By Henry DeVries
Gulp. Suppose the time has come to communicate a major change for your organization. Perhaps it is a downsizing, a restructuring, or a switch to total quality management. The change is so important the future of the organization depends on it.
Employees are mustered to the cafeteria or large conference room where the manager makes an impassioned speech worthy of a field marshal. Following the call to arms, the communications campaign launches an offensive on several fronts. All locations are bombarded with videos. Special editions of the employee newsletter sound the battle cry. Platoons of department directors and team leaders fan out to deliver the message on a more personalized basis to the troops.
But the war is already lost. Why? Because this approach is wrong, wrong, wrong. Not only will it fall flat, it is positively harmful.
Ask employees what information source they prefer. According to a study by the International Association of Business Communications, 9 out of 10 employees said they want to hear it directly from their own “boss.” The mistake that dooms most campaigns seeking to win support for new organizational goals is the failure to let department directors and team leaders explain the change to employees.
To achieve optimal results, campaigns to communicate potentially unpopular changes to employees should be viewed as an applied science. Unfortunately, this does not happen at most organizations. Case studies, surveys, and research have shown that the leading practices for a major change are to communicate directly and to use face-to-face communication, which includes storytelling.
The rate of major change can accelerate rapidly today, and managers can be called upon to make major communications decisions. Knowing the four biggest mistakes of change communication will increase their chances of success.
Mistake 1. Many well-meaning managers attempt to improve change communications by going the direct route.
These managers naturally want to talk directly to employees, usually supported by the advice of senior human resources staff or consultants. Unfortunately, it is a mistake that is wrong for two reasons.
First, it can be viewed as a mere symbolic move, and today’s disillusioned employee has little love for the empty gesture. Second, and more damaging, these campaigns can weaken the relationship between workers and their team leaders. Team members want to work for someone who is connected and has a degree of power within the organization. They want to know their supervisor has some pull and is not viewed as powerless.
Mistake 2. Other well-intentioned leaders push for equality in the workplace.
They believe leaders should sit shoulder-to-shoulder with employees to hear the big news.
Again, a mistaken strategy because it is evidence of management’s failure to recognize the team leader’s superior status. This reduces the person’s perceived power and weakens his or her effectiveness as a force of change. What many leaders fail to realize is that the only communications with the power to change behavior is the kind between a team leader and a team member.
Mistake 3. Applying the strategy that more must be better, executives in charge of change campaigns use ink by the barrel.
They think the solution is more employee reports, posters, news bulletins, video scripts, team briefing outlines, brochures, and guidebooks. This too is the wrong approach, because the critical communication is the type that happens face-to-face.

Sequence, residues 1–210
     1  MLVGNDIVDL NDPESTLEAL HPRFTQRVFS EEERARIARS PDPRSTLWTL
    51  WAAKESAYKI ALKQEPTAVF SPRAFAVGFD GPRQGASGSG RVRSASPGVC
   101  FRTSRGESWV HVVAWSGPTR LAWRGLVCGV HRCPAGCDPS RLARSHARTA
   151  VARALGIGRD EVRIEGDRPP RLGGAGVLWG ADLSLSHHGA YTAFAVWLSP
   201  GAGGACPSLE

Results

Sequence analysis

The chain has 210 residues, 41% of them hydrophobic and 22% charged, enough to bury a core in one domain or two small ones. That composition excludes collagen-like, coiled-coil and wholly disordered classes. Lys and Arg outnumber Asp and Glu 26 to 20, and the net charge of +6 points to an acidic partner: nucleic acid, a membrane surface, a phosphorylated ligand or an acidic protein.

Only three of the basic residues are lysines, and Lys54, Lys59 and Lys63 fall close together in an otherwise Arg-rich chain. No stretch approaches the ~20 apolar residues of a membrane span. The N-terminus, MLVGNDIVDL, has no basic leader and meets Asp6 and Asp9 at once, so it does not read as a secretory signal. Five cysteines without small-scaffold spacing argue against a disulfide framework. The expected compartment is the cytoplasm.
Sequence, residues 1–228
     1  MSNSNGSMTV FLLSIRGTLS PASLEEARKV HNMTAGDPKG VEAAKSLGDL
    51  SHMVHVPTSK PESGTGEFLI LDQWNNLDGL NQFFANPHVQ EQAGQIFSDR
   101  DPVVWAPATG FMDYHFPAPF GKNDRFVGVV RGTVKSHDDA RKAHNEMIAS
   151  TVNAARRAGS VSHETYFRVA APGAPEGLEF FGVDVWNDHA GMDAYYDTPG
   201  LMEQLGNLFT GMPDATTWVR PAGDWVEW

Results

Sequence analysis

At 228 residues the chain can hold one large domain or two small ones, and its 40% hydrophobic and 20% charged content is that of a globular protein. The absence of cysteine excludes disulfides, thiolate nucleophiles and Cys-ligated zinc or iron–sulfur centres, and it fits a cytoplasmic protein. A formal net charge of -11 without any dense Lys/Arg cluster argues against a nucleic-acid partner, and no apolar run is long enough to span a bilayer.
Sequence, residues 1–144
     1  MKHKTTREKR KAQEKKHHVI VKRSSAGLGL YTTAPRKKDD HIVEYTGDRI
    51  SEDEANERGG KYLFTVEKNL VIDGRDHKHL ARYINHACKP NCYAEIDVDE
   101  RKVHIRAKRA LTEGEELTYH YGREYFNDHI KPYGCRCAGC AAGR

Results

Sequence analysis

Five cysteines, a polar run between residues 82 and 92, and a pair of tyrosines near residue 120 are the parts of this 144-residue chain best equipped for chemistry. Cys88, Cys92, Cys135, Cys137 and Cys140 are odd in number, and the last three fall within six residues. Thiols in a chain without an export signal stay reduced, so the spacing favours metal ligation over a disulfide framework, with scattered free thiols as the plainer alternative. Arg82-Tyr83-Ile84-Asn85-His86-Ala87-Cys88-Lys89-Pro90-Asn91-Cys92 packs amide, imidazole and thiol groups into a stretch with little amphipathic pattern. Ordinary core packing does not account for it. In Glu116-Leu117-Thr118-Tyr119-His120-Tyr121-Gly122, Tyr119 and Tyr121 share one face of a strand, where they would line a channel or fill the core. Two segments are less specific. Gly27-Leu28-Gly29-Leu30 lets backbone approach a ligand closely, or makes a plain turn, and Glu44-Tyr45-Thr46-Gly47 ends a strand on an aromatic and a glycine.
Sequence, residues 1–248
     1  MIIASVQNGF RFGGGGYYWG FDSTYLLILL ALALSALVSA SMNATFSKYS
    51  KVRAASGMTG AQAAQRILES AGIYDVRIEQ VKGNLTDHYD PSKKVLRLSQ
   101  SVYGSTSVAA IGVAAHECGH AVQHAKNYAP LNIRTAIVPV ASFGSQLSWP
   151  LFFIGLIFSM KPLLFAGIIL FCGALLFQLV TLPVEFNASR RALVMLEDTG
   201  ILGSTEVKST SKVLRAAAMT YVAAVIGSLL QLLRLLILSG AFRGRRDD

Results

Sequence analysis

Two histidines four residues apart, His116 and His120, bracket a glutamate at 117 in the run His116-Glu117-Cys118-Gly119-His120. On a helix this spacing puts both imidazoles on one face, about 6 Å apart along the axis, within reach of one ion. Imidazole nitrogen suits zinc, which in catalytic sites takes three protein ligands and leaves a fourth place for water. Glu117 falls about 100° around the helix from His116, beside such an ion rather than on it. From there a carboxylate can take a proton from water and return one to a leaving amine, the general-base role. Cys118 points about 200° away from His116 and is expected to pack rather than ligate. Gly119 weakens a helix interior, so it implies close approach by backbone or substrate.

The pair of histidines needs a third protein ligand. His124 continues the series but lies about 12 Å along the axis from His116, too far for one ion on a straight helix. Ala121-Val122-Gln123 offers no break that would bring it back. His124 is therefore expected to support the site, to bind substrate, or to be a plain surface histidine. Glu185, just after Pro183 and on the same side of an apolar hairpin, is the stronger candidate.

Energy and resources should be directed toward producing briefing cards that will arm leaders to answer the key questions that are in the minds of staff members.
Mistake 4. Not giving team leaders a persuasive story to tell can be a tactical error.
Storytelling helps persuade on an emotional level. Stories are the building blocks of an organization’s culture.
If there is already a true story to tell about how the change will benefit the organization and its employees, so much the better. If not, at least give people a narrative to tell about how success can be achieved in the future. Every story starts with the name of a character who wants something. Make your main character likable or the victim of undeserved misfortune so the listeners will root for them. To make the individual likable, describe some of their good qualities or attributes.
Heroes need help on their journey. They need to work with a wise person. This is where your organization comes in. Be the voice of wisdom and experience. The hero does not succeed alone; they succeed because of the help you provided.
Finally, give the listeners the moral of the story. Take a cue from Aesop, the man who gave us fables like The Tortoise and the Hare (the moral: slow and steady wins the race). Don’t count on the listeners to get the message. The storyteller’s final job is to tell them what the story means.
The Bottom Line on Communicating Change
While other forms of communications should not be abolished, the emphasis should be on making team leaders, department directors, and other supervisory positions privileged receivers of information. The strategy is to empower them.
When the future of the organization is on the line, ultimately it’s the manager’s job to make sure change is communicated the best way possible. After employees know what is happening, then the manager can talk to all to reinforce the message.
Wise managers will use their teams, and properly arm them, to ensure success.
Henry DeVries is chief executive officer, Indie Books International, Oceanside, California, and the author of Marketing with a Book and Persuade with a Story! (www.indiebooksintl.com).